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Harper put pressure on himself to perform and he succeeded. From a young age, he had set the bar as high as he possibly could.

“When I was 10 years old, I told my dad like ‘Dad, I want to be the No. 1 pick,’” Harper said. “Like it wasn’t even like him telling (me), ‘Harp, be the No. 1 pick. Bryce, you need to be the No. 1 pick. You need to do this, you need to do that.’ No, it was like ‘Dad, I’m going to be the No. 1 pick. Watch me.’ For me as a person, in my head, in my mind and in my heart, it was like ‘I can’t slip. I don’t want to slip.’”

For Harper, it was about what he owed to his family and everyone else who supported him to help him get to where he was. He carried an all-or-nothing mentality and honestly, from an outside perspective, it probably didn’t need to come to that. Harper could have carved out a productive and lucrative career even if he slipped out of the first round of the 2010 draft. Maybe he could have transferred to a Division I school and had been the first-overall pick in 2012. For him, however, there was a world of difference between what success and failure looked like, and with that came immense pressure.

Harper Is Built To Withstand The Next 12 Years Of Pressure That Comes With Playing Baseball In Philadelphia

If we’re being honest with ourselves, there’s a real chance that the last few years of Harper’s contract aren’t very pretty. Phillies fans and Harper are still well within the honeymoon phase and it could last for a while, especially if Harper puts up MVP-caliber numbers or leads the team to a championship within the next few years.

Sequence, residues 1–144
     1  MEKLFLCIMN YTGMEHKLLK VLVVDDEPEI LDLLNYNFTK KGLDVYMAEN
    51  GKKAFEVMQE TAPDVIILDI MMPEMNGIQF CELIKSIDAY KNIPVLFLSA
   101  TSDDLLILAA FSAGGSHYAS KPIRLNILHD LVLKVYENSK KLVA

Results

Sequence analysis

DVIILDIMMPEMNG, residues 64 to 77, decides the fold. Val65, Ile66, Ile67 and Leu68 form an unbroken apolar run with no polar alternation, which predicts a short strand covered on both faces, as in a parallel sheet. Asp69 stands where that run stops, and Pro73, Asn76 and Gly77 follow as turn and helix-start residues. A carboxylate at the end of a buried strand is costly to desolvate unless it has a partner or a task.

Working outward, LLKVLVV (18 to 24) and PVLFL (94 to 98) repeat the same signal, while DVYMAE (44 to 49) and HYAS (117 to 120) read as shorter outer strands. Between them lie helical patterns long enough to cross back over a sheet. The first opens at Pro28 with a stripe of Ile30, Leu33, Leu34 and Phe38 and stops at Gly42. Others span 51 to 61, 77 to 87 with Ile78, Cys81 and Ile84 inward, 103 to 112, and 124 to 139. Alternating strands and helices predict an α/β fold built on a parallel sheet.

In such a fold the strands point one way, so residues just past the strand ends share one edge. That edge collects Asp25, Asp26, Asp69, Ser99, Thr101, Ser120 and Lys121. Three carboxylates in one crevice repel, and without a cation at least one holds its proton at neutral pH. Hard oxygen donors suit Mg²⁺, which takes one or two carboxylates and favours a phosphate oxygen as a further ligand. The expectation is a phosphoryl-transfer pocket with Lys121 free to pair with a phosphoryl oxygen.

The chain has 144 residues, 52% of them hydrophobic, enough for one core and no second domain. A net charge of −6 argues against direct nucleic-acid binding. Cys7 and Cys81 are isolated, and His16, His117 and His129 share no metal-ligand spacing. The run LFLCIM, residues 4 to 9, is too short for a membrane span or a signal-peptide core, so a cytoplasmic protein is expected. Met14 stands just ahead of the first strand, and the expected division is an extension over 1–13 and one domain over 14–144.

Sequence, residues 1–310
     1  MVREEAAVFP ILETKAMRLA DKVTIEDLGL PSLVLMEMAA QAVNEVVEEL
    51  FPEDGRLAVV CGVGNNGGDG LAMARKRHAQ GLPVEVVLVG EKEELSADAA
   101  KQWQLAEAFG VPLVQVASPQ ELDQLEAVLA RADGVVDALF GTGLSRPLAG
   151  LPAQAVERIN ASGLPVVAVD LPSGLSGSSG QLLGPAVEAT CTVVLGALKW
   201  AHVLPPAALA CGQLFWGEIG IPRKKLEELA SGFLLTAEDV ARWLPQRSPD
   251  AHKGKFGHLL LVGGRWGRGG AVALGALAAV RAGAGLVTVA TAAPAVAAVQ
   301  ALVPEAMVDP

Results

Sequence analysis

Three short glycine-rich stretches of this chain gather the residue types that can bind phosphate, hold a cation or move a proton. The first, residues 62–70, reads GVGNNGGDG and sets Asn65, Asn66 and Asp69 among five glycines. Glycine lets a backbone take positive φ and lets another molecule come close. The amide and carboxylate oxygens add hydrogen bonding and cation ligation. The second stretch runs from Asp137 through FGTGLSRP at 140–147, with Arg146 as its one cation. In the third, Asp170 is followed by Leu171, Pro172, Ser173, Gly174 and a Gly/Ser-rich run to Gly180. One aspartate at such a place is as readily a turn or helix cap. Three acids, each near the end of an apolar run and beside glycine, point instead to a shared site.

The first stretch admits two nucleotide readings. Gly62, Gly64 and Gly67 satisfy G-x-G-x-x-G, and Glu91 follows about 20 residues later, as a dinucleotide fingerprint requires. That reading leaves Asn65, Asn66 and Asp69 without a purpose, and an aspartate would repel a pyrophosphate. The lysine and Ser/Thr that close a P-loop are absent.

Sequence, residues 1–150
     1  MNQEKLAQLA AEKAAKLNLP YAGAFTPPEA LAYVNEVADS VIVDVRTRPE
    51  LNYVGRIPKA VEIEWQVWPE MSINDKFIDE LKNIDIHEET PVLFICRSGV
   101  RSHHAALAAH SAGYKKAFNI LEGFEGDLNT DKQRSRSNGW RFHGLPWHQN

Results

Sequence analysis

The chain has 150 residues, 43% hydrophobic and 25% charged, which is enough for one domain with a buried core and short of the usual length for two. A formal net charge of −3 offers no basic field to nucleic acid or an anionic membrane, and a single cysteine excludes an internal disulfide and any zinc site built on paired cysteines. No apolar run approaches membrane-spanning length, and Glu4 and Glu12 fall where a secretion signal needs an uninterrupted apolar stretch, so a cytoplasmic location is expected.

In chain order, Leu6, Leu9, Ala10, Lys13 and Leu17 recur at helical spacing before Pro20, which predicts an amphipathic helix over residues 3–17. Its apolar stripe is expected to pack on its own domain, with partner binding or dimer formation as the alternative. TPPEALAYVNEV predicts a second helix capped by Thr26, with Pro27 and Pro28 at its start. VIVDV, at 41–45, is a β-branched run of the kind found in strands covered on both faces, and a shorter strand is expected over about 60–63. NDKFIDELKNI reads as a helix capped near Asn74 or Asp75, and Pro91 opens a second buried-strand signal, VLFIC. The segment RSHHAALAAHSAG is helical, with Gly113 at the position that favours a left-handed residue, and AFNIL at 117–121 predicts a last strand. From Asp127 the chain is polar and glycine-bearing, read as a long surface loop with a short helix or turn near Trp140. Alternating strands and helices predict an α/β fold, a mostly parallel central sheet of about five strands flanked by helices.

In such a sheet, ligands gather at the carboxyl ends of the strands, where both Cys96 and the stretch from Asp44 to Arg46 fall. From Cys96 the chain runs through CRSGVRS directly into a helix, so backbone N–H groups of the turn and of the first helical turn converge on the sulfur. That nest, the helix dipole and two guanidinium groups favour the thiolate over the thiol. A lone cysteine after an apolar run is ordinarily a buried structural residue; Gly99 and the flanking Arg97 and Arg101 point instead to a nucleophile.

This is not going to last forever.

Harper will be heavily criticized and the number of zeros on his contract will continue to be brought up until the Phillies make their final payment in 2031. He’ll be the face of the franchise for a decade and with that comes pressure. Judging by his perception of what pressure really is, he is more than capable of whatever the next 12 years can throw at him.

“If I don’t perform, what do I do?” Harper said. “Do I try to go to school? Am I just going to be an ironworker and go work with my Pops? I had people counting on me more than just myself…It was bigger than me.”

Harper is referring to his year in junior college. He left high school early and sacrificed the last couple of years of his youth to pursue his dream. In fall intrasquad games, Harper found himself in a deep slump. He felt so defeated to the point where he met with his high school principal and asked if he could come back, despite already earning his GED. He was told no and had to find a way to prepare for the fall season. He eventually turned it around.

“I knew I had to do it,” Harper said. “Scott (Boras) was on the line. My parents were on the line. My family. My whole life was on the line that year. Everybody talks about stress and like ‘Oh man he’s struggling,’ and like ‘Yeah OK, I’m going to struggle in the big leagues. It’s going to happen.’

“‘He’s going through a slump or he’s doing this. Like, he’s getting frustrated. He’s doing this.’ And it’s like ‘Guys you don’t understand. Eight years ago, that’s where the stressful situation came in. I have to perform day-in and day-out no matter what.'”

Again, some of the pressure may have been overtly self-imposed, but it doesn’t take away from the fact that he is willing to put his family and everyone else who has ever advocated for him on his shoulders and did way more than just succeed. Failure to him meant not being bigger than what he was supposed to be. He said in the interview that he was okay with working in 120-degree heat as an ironworker in Las Vegas if he failed but everything else he said indicated otherwise.

If he got through that year in junior college, Harper will be just fine when he’s in another deep slump and the fan reaction turns sour. Harper should also be OK if he ever finds himself up to bat in Game 7 of the World Series.